By TAYA FLORES, Capital News Service
ANNAPOLIS - Immigrant advocates and high school students went before a House committee Tuesday to describe how illegal immigrants who live in Maryland are unable to go to college here because they are not allowed the lower tuition rates available to in-state students.
Undocumented immigrants are considered nonresidents of the state for tuition purposes because of their inability to establish legal residency.
"We're talking about children," Delegate Victor Ramirez, D-Prince George's County, sponsor of a bill to allow illegal immigrants to pay the in-state tuition at public colleges and universities. "It's not their fault and you shouldn't punish them. We should try to assimilate them to mainstream society and education is the way to do that."
If enacted the bill would change the requirements needed to obtain in-state-tuition rates. Prospective students would not have to provide a social security number but they would have to show that they attended a public or private high school in Maryland for at least two years and received a high school diploma or its equivalent within the state.
The applicants also have to prove that they are trying to obtain permanent residency status, which is the first step to becoming a legal citizen for foreign born residents.
Similar legislation passed the General Assembly in 2003 but was vetoed by then-Gov. Robert L. Ehrlich. The bill is considered to have a good chance of passing once again, but not without controversy.
This very issue sent Sen. Roy P. Dyson (D-29) and Delegate John Bohanan (D-29B) scurrying for cover during the 2006 election when Republicans sent out mass mailings to voters pointing out both politician's record of having voted in favor of similar bills in the past. Despite the employment of this wedge issue, both men comfortably defeated their Republican challengers.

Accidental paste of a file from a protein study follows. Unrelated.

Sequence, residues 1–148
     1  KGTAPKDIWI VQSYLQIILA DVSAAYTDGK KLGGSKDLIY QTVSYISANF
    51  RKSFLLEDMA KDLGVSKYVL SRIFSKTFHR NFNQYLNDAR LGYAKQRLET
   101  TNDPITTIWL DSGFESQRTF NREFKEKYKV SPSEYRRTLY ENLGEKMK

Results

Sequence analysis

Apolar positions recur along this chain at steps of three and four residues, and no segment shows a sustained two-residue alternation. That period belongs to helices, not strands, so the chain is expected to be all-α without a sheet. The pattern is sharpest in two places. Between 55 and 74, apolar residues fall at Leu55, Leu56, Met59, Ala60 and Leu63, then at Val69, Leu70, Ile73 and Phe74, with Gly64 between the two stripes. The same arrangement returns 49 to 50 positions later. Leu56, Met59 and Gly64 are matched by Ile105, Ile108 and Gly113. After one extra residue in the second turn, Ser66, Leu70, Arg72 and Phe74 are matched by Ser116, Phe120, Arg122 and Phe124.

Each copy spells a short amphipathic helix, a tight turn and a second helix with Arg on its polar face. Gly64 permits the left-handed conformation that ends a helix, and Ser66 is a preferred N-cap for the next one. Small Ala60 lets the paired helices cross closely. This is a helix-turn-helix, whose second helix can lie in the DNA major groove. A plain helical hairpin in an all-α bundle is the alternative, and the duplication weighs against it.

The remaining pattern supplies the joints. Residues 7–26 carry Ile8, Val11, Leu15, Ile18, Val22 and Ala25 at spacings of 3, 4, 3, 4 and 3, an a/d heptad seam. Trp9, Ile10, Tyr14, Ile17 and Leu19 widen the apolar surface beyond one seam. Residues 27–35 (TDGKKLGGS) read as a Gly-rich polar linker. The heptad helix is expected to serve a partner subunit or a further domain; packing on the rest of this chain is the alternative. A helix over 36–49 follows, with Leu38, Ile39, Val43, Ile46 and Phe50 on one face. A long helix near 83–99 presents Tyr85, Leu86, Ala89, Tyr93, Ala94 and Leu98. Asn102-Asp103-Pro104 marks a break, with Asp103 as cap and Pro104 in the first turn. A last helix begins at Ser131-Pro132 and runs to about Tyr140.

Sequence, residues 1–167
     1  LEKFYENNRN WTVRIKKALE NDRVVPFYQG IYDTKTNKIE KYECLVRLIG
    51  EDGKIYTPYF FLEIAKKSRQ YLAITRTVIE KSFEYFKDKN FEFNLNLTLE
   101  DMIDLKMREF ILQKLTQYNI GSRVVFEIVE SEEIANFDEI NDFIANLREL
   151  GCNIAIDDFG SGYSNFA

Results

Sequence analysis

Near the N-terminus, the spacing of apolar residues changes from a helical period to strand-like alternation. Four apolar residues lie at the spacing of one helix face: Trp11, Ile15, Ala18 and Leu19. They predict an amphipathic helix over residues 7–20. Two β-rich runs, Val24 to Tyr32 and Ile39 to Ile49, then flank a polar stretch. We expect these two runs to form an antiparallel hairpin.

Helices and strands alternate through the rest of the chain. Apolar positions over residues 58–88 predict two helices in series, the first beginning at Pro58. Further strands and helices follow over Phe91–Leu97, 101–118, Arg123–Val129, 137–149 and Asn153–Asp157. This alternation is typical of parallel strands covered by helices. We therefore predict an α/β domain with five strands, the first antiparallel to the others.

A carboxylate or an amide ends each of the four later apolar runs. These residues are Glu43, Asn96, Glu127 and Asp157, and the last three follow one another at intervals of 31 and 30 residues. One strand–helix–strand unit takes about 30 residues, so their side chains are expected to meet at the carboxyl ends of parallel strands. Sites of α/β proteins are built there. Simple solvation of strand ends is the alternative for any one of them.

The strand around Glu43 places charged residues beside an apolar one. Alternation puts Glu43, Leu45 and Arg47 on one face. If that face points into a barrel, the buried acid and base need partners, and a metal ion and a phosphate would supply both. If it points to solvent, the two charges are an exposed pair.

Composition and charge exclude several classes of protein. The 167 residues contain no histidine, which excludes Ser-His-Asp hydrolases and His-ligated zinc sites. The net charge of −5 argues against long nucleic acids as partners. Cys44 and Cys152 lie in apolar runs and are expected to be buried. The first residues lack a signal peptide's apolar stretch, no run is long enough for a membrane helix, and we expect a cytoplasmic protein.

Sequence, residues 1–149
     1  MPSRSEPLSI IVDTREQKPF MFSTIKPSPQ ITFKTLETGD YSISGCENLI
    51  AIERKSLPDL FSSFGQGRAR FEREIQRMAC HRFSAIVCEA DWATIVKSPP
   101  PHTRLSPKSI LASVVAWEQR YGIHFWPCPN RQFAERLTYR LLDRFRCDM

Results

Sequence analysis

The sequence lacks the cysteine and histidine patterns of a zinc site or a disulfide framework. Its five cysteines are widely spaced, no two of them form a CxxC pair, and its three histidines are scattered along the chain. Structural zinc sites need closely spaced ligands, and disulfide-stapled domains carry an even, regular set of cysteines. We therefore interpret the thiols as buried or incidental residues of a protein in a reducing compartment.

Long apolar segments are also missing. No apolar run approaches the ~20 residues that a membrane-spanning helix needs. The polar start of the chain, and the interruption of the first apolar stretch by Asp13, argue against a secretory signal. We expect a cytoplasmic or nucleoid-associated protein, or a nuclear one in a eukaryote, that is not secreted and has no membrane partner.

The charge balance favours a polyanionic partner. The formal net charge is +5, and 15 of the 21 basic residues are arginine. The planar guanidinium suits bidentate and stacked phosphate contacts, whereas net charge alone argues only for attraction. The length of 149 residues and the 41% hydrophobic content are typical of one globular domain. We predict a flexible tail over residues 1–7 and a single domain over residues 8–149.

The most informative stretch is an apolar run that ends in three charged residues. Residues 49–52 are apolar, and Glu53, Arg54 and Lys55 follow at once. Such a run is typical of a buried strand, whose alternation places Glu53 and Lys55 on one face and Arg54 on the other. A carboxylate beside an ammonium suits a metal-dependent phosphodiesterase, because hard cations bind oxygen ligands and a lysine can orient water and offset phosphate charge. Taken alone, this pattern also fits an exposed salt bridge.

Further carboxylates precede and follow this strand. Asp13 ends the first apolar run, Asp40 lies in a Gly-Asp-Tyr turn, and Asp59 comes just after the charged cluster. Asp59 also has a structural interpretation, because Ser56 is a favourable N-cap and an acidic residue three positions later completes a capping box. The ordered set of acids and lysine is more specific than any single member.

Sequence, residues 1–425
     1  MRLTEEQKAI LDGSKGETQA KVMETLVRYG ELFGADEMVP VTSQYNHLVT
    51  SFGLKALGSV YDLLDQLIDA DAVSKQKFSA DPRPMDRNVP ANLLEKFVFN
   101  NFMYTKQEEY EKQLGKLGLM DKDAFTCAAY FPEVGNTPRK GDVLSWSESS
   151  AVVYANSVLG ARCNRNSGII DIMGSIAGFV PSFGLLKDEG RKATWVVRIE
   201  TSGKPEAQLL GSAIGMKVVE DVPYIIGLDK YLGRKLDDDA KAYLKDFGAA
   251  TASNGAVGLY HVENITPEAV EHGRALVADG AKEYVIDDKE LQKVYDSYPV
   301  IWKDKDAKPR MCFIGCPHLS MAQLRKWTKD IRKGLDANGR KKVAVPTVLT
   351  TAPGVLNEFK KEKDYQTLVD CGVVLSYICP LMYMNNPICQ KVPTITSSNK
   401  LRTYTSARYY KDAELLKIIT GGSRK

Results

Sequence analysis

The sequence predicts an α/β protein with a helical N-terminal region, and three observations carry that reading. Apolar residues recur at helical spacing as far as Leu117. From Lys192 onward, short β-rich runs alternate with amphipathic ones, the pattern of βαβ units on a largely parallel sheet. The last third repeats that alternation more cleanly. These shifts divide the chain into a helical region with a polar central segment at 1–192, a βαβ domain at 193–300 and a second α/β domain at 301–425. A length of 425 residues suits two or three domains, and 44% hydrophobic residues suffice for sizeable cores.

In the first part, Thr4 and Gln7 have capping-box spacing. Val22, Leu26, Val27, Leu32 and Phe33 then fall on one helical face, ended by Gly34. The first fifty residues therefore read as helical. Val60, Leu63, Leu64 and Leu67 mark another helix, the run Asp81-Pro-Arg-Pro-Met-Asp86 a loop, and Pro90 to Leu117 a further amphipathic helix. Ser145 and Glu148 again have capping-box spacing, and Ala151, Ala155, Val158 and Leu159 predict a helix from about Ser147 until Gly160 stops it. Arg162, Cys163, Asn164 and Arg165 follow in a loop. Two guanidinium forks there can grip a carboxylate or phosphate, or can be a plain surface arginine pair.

Delegate Nancy King, D-Montgomery County, a member of the House Ways and Means Committee, which heard the bill, said she was sold on the legislation.
"I supported this bill last time and I'm supporting it this time," King said.
The stories that witnesses before the committee told seemed to move Delegate Ron George, R-Anne Arundel County, as well.
"I am a grandson of immigrants from Italy and I know the struggle they went through," he said. "I have it deep in my heart for how hard immigrants work when they come here."
Still, he asked if allowing illegal immigrants spots in colleges would turn away students who are legal - a line of questioning that brought criticism from other delegates.
Delegate Craig Rice, D-Montgomery County, said that George's question resembled the historical argument for not allowing blacks or women to attend colleges.
The bill would make it easier for all students who have attended and graduated from a state high school to pay cheaper in-state tuition rates at Maryland public colleges and universities regardless of their residency status.
Tuition for out-of-state students at the University of Maryland College Park is three times that for in-state students. The University of Maryland's in-state tuition rate is $7,969 and out-of-state tuition is $22,208. But, Ramirez said that this bill will most likely affect enrollment at community colleges where the illegal immigrants are most likely to attend. At Montgomery College in-state tuition is $3,708 and out-of-state is $9,612 per year.